On July 1, 2017, the state of Georgia enacted several new laws; one covered medical marijuana. Senate Bill 16 expanded the medical conditions eligible for treatment with low THC cannabis oil. These new conditions include the following:
- ALS, at its end stage
- Seizure disorders
- Multiple Sclerosis, at its end stage
- Crohn’s disease
- Parkinson’s diseasee
- Sickle Cell, at its end stage
- Autism for patients 18 or under
- Tourette’s syndrome
- Epidermolysis bullosa, a skin condition
- Alzheimer’s, at its end stage
- AIDS, at its end stage
- Peripheral neuropathy, at its end stage
There are steps that a person must go through in order to be eligible for a “Low THC Oil Registry Card,” which is issued by the Georgia Department of Public Health. Here are a few things you should know if you want to use medical marijuana in Georgia:
A patient must be under the care of a physician and two sets of forms must be filled out. These forms will be sent to the Georgia Department of Public Health to determine the eligibility of the patient and the prescribing physician. Because many insurance companies will not cover an exam for medical marijuana purposes, the patient may have an out-of-pocket cost of as much as $225.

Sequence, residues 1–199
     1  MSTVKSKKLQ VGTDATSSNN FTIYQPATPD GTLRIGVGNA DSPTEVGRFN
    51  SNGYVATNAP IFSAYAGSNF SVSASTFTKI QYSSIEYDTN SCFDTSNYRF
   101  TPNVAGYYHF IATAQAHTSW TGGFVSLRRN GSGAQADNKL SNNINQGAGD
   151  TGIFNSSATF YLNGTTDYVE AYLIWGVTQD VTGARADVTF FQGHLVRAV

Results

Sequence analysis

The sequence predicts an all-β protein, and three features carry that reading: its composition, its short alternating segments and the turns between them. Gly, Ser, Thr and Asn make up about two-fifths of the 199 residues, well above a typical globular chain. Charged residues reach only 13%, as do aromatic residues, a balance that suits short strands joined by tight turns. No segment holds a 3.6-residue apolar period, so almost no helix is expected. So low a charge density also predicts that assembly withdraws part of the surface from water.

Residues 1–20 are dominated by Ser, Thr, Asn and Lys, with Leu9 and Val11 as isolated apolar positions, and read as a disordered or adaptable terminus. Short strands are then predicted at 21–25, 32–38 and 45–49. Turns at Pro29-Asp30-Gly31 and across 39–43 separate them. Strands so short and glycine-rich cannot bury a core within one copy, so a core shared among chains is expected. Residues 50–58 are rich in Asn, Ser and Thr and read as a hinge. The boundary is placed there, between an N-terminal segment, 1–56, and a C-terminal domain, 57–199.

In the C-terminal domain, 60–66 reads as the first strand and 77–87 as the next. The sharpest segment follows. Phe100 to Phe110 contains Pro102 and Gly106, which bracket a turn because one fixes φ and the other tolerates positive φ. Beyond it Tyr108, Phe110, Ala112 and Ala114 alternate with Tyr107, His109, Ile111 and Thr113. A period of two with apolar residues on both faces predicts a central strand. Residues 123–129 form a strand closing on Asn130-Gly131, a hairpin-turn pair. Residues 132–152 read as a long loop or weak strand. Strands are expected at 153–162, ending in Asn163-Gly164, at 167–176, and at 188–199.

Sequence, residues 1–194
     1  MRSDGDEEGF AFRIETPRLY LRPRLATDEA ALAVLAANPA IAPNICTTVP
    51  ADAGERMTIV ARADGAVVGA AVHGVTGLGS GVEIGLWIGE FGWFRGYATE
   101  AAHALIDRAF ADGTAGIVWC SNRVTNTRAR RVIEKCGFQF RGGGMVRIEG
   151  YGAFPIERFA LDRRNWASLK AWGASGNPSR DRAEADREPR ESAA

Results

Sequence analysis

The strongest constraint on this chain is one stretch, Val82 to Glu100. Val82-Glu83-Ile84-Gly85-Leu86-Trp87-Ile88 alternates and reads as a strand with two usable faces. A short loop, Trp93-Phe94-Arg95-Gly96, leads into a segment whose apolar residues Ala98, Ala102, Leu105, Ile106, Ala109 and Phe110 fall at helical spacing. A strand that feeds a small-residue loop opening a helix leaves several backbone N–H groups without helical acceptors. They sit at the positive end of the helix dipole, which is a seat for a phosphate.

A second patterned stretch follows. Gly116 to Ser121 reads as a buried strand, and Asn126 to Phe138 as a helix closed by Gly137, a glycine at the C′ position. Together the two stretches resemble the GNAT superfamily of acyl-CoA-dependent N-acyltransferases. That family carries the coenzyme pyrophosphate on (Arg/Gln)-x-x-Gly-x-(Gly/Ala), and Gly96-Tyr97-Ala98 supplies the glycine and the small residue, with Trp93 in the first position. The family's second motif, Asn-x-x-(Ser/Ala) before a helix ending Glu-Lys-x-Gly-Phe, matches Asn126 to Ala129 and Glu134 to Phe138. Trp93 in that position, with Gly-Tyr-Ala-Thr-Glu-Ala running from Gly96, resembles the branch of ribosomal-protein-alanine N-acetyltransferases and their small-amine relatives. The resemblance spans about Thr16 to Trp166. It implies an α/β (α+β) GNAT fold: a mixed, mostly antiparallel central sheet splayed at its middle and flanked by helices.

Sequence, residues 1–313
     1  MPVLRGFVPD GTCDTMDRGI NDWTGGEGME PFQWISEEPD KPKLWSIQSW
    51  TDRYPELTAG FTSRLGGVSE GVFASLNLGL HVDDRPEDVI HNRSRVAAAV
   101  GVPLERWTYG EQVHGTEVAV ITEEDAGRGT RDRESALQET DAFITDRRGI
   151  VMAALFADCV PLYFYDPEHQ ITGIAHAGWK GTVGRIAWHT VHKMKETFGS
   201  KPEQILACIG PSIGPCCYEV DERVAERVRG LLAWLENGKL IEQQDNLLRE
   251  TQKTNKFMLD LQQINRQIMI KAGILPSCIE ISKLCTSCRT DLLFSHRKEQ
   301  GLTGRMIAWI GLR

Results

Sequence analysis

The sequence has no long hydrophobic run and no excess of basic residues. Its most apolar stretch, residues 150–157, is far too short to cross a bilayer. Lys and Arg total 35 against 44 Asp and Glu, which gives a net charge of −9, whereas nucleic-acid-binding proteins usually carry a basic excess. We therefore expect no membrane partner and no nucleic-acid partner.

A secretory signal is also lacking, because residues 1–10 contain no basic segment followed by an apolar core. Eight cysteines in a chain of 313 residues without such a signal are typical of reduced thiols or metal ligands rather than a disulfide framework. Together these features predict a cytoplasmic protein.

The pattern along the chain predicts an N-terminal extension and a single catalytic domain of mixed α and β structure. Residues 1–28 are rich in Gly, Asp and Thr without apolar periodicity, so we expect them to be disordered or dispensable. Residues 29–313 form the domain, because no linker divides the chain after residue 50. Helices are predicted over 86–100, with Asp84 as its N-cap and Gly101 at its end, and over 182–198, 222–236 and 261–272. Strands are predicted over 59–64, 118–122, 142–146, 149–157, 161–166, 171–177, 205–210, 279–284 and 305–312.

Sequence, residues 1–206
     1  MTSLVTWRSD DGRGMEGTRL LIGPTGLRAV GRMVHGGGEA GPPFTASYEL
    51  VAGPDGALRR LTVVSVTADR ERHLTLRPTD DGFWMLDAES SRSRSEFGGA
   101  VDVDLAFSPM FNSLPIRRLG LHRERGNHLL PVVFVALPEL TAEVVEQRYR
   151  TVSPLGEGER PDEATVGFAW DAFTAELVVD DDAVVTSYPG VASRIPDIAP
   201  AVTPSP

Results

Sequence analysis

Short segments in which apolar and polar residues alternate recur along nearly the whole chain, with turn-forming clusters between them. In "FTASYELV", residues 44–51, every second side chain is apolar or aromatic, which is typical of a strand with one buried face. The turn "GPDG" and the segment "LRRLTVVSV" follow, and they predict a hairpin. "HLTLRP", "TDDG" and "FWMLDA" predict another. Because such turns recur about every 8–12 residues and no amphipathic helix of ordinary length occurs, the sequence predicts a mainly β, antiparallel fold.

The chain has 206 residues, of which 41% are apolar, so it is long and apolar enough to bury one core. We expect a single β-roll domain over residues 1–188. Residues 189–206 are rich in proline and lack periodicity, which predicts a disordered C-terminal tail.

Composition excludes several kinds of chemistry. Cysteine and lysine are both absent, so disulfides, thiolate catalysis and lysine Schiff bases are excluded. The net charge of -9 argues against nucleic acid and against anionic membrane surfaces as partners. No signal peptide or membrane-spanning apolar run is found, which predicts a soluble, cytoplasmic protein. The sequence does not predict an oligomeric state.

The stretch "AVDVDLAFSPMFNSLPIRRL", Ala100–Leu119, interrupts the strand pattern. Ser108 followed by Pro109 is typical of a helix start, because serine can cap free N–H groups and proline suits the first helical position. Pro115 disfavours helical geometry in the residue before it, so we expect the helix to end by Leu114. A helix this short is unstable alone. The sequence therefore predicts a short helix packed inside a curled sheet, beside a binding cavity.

If the application is approved, the patient will need to pay a fee of $25 per new card at one of 18 public health offices authorized to distribute them. The card will be valid for two years from the date issued and may take up to 15 business days to process and be ready for pickup.
If you obtain a card, it is legal for you to possess 20 fluid ounces of low THC cannabis oil. However, the new law does not cover how low THC oil is made, purchased or shipped. The sale of any form of marijuana remains a violation of both state and federal law. The law does not allow the sale or possession of marijuana in leaf form or allow retail stores to sell products made from marijuana, such as baked goods, candy or any such items known as edibles.